Sundry of the great lords who have come into France have
It is written from Scotland that the borderers have begun some
skirmishes ; so they assure themselves there will be a French
faction on foot again shortly.
In this sort on all sides it seems there is a meaning to raise
troubles and disorders, if their wishes take effect.—Moret, 4 Oct.
Add. and endt. gone. 2 pp. [Ibid. IV. 162.]
448. COBHAM to [WALSINGHAM].
Some months ago there went into England a Modenese named
Castelvetro, 'of whom I was this day enquired of' by the
ambassador of Ferrara, he being desirous to send his letters to him.
I have offered to see them safely delivered. It has been signified
to me that Castelvetro is an 'Arriane,' and holds strange opinions.
But he is rather thought and suspected to be a Jesuit ; 'pretending'
to find means to become the Scottish king's schoolmaster for the
Italian tongue, wherein he professes to be exquisite. He has made
a friendship with Camillo Cardonio, the son of a Neapolitan, lately
come over, whose father is dead since his departure, and was
'devout of the Religion.' I suppose that he is likewise well-affected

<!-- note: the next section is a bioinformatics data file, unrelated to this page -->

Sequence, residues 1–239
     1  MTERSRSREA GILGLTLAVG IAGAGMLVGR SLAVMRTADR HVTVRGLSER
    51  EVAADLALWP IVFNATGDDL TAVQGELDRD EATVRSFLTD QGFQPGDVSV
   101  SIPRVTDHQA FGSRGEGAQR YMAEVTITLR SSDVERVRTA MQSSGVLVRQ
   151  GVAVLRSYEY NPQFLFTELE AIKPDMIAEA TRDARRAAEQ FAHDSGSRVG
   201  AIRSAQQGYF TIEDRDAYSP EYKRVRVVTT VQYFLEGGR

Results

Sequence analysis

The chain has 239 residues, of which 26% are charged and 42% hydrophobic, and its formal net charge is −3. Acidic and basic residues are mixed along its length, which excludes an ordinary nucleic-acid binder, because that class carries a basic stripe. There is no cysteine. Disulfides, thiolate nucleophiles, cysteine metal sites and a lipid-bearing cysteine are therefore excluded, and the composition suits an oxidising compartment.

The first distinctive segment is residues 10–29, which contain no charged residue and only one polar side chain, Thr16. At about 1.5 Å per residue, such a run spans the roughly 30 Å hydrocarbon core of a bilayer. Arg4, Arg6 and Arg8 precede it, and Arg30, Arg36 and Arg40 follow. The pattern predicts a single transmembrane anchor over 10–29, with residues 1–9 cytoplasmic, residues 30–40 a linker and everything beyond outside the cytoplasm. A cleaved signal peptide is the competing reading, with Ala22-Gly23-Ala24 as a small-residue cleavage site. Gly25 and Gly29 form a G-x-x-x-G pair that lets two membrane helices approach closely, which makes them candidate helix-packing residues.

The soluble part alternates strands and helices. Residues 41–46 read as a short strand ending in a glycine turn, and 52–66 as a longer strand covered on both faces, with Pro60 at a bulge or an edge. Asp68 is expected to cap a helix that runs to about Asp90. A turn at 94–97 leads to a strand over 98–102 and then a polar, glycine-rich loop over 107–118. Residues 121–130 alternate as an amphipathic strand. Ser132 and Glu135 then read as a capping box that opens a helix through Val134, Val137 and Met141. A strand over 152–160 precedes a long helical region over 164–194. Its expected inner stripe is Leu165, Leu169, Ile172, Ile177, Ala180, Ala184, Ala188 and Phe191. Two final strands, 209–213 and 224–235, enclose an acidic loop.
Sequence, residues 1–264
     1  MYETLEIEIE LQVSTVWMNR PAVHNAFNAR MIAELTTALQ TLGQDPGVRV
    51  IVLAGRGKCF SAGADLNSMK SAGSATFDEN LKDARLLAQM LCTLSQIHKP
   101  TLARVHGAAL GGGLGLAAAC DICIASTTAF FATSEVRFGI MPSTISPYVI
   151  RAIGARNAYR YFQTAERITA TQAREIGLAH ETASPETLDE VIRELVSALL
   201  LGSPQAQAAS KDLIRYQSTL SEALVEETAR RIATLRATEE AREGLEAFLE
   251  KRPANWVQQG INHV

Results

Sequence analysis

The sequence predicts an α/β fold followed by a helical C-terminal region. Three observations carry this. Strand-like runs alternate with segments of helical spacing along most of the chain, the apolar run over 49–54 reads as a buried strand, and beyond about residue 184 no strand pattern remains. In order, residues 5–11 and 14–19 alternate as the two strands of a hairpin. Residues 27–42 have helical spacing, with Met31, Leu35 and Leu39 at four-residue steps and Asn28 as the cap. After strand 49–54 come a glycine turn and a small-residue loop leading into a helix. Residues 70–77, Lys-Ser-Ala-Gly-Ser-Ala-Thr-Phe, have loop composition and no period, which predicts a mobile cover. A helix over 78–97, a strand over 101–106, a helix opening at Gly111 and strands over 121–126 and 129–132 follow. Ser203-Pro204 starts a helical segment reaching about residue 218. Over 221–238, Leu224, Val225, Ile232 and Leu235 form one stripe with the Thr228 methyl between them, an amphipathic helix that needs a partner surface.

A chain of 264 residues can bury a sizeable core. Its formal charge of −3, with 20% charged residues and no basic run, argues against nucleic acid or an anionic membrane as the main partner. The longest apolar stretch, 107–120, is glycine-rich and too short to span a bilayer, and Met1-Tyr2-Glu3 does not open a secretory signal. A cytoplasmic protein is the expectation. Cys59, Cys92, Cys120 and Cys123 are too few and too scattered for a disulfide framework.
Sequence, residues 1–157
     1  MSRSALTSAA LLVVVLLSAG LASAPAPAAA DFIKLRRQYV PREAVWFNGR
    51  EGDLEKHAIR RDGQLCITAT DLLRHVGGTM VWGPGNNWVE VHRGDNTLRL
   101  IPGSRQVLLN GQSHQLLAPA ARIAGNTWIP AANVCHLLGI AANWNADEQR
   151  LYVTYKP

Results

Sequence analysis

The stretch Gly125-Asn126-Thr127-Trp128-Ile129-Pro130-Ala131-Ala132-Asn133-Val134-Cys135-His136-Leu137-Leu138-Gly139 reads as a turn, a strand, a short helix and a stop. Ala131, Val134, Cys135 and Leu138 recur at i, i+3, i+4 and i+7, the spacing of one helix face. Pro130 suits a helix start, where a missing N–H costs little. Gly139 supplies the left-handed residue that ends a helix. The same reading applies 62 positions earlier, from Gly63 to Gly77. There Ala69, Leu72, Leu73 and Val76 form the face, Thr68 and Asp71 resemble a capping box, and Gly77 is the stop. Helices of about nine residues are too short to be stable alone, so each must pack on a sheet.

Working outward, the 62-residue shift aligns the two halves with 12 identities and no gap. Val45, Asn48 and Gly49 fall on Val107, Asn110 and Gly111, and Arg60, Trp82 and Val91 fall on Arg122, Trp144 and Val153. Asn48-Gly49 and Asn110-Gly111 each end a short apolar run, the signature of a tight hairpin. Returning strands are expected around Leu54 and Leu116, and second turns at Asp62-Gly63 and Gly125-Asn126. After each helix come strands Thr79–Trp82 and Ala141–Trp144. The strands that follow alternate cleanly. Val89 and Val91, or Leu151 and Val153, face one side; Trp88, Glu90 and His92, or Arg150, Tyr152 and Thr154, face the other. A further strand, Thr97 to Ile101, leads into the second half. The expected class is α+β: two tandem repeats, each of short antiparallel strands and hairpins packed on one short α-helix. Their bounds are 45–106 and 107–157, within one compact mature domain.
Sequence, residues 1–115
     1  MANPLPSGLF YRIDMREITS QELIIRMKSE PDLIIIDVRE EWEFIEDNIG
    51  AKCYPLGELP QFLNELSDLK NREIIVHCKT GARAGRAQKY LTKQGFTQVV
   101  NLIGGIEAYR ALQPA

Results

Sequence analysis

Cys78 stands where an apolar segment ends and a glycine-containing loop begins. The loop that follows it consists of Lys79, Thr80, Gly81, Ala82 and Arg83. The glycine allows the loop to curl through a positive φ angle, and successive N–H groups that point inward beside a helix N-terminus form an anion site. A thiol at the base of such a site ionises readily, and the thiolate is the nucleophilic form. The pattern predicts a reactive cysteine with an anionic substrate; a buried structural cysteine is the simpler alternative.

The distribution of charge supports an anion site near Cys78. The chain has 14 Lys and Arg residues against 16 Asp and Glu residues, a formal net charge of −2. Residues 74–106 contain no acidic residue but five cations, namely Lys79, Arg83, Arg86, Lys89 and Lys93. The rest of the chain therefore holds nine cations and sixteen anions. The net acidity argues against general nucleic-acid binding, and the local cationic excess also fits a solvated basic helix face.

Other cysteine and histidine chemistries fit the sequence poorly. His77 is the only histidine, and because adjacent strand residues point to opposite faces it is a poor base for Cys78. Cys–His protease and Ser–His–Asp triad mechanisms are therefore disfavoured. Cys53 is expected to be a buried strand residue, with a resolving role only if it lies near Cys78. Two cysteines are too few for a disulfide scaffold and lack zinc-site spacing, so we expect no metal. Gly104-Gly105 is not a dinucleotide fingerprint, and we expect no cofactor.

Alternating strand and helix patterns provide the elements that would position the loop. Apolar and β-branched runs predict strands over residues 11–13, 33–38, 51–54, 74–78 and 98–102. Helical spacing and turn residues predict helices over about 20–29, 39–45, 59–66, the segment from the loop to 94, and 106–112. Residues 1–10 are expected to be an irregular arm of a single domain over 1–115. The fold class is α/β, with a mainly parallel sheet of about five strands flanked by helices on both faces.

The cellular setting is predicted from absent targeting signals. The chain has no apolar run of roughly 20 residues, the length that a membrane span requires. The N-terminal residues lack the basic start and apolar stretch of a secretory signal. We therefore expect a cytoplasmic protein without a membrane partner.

but not overwary, and therefore the 'easilier' abused.
I am also requested by the same ambassador to write a letter
of credit in commendation of il Signor Roberto Bellone, d'Udine
Forlana, meaning to retire to England. I could wish he were well
'looked into,' for I suppose he has some other intent ; or else
obtains my letter to use in case of need if he is stayed.
There are sundry who address themselves to Scotland by divers
means.—Moret, 4 Oct. 1580.
P.S.—Roberto Bellone intends to start hence within two days.
Add. gone. Endd. by L. Tomson. ½ p. [Ibid. IV. 163.]
449. COBHAM to [? WALSINGHAM].
I have been advertised that Captain Lather, one of the King's
guard and a devout servant of the Scottish Queen, has to-day left
this town by ordinary journey, towards Calais, entrusted with the
packet of Clermont d'Entragues, a captain in the King's guard
and brother-in-law to d'Aubigny. It may contain matter of some
consequence, considering the affairs of those parts, and the
'confident' person who sends them.
The Bishop of Glasgow, I hear, has also written to Lather, who
has been to me for a passport. I assured him that he might pass
into England without any certificate but to show he was a
In his company is gone from here Mr Seton, Lord Seton's
younger son, a Jesuit, pensioner of the Pope. He was prior of
Pluscatife [Pluscardine], which Earl Morton took from him, and gave
to one of his bastard sons. This gentleman is in 'favour' like
the Duke of Norfolk, resembling him much about the mouth but
somewhat redder-headed, and little hair on his face.
Lord Hamilton is most willing to obey his Majesty's commands,
remaining constantly bent, and could be contented to become
Lord Morton's friend, if the Queen commanded him and ordered
the matter. I hear in sundry ways that he remains very zealous
and constant, notwithstanding the hard and bitter temptations of